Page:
Red Wing needs help becoming more inclusive, a University of La Crosse consulting professor has concluded.
Thomas Harris has worked for over 30 years at the UW-La Crosse and is currently the assistant director of multicultural student services. His work has only grown his passion for social justice issues within local communities, he said.
After speaking with the Red Wing Human Rights Commission and other diversity leaders in the area, Harris said he realized the community needs help becoming more inclusive.
During August 2020 to February 2021, Harris held interviews with 41 Red Wing residents from different backgrounds that focused on equity, access, inclusion and/or social justice.
“My goal is for the community to be more equitable, provide more inclusion and have somewhat of a system or a knowledge about social justice, because the area is so straight minded and so white dominated,” Harris said.
Harris created five pillars for conversation -- community, schools, police, housing and childcare -- areas he thinks the city needs to improve.
He documented shared observations that were discussed to create a basic understanding of how the community currently operates.
Shared observations on schools
The area has a number of unengaged youth of color and Indigenous youth with little to do that interests them.
Red Wing area youth need and want the truth.
Classroom instruction and learning within the community is most authentic when certain topics have been presented/performed by someone from the particular background/culture of the originator or ancestors of the lived cultural experience.
Red Wing area youth need and want learning experiences that focus on their own cultural and ancestral histories.
Students learn the truth about history external to school.
Local youth need and want opportunities to maximize intellectual growth, personal and leadership development, and to flush out their own personal uniqueness and individual ability to create.
Youth need and want to be prepared for the immediate and long-term future to interact, survive and strive in a cross-cultural multicultural society in Red Wing, Goodhue County and beyond.
Red Wing area youth also need and want a local space to hang out, be themselves, and have fun after school, weekends and during school breaks.
After each interview, he asked the interviewee to share one or two actionable recommendations for each pillar that the leaders and community members of Red Wing could work on.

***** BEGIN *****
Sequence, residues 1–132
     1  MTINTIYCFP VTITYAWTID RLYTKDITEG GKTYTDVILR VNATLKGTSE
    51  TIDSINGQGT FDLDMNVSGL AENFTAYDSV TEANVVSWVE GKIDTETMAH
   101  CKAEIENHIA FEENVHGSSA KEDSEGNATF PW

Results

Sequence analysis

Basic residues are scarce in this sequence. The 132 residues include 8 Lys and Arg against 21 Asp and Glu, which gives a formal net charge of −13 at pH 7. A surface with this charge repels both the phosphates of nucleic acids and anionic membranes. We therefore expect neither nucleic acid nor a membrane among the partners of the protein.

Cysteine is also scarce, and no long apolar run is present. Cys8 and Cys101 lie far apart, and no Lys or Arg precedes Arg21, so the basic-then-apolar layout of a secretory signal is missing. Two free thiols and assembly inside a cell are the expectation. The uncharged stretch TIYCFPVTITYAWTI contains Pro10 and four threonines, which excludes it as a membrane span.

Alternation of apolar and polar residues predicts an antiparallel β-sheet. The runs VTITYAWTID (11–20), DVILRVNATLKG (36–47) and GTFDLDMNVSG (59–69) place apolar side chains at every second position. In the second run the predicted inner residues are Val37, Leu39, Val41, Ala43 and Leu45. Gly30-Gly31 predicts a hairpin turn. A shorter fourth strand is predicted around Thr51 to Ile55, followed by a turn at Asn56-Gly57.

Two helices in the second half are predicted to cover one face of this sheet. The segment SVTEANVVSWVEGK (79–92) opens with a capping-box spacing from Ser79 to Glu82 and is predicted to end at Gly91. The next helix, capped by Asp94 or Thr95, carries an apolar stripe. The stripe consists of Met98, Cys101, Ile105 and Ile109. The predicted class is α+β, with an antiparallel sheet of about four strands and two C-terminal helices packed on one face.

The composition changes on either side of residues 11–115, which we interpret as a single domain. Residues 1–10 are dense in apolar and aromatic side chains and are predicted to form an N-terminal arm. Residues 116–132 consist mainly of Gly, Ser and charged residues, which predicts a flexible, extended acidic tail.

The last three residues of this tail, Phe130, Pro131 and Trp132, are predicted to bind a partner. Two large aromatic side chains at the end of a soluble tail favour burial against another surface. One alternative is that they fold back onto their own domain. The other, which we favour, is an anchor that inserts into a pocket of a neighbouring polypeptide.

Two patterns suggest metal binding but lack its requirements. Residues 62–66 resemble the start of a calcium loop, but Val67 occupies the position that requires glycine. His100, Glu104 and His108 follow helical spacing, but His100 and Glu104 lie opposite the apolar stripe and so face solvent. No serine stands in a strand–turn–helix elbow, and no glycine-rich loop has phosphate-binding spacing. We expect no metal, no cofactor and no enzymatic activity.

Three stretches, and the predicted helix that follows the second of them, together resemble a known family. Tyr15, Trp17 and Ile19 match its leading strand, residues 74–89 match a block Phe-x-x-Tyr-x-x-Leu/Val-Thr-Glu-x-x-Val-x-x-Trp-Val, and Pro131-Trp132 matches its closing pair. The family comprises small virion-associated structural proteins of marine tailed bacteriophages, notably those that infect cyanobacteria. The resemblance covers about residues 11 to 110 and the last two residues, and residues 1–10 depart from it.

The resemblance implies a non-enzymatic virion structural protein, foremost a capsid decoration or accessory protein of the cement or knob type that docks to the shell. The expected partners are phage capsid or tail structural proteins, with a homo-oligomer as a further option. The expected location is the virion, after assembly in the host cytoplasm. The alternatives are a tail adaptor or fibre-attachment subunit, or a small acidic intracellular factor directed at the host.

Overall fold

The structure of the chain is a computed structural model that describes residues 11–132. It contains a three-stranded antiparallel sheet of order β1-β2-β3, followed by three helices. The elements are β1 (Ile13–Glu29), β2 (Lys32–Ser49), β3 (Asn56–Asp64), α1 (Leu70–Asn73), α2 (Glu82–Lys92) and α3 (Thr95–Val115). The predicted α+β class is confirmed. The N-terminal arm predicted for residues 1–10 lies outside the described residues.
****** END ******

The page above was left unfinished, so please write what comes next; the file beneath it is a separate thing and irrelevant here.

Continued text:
He compiled the recommendations and created his own based on the conversations.
“I am an outsider, so I will not force anything to happen,” Harris said. “I am offering my recommendations to help and hope that the community takes action.”
Over the course of the past several months, Harris conducted separate presentations on each of the five pillars. His final presentation, which will be with the police, is on hold due to the climate surrounding the firing of Red Wing Police Chief Roger Pohlman.
On May 1, 2021, Harris gave his first community presentation focused on school and youth agencies.
Harris’ recommendations for schools
Create an indoor youth activity facility in a vacant building to build a sense of community and offer possible child care opportunities.
Implement circles of community groups for elementary, middle and high schools to allow the youth to voice their concerns and needs.
Train social justice facilitators -- Red Wing teachers, parents, alumni, etc. -- for the Goodhue County area.
Hire someone to lead, guide and collaborate efforts on equity, access, inclusion and social justice.
Participate in UW-La Crosse’s social justice certification program to establish a cultural foundation at the school administration level.
Establish relationships with regional colleges and universities.
Implement intentional background reviews for future administrators and teachers with demonstrated values of cultural diversity.
Expand hiring approaches for future athletic coaches to increase opportunities of hiring coaches of color.
Offer Red Wing High School students the opportunity to participate in the UW-La Crosse Youth Action Project.
Organize two or three educational presentations on “The N Word” to establish a public protocol and consequences for students who express oppressive language.
“I think there's a lot more that could be done in the future and this is the start,” Harris said. “We need to work together to work on some of those recommendations and the people in the community get to be the ones who decide what's gonna happen later.”
Harris stressed that school and youth agencies are also a part of the larger Red Wing community and to allow the recommendations to succeed, things need to become more inclusive within all of the five pillars.
“Everything works together,” Harris said. “A single mom of color needs daycare, but struggles to find a place -- that youth is going to suffer too. Community and schools should go hand in hand.”
Although Harris’ work is not school sponsored, Red Wing Superintendent Kartsen Anderson said that he appreciates Harris’ perspectives and recommendations.
Harris’ study is in the initial phase, which means no actions have taken place yet, but he is hopeful that the community will consider his recommendations for more inclusivity in the future.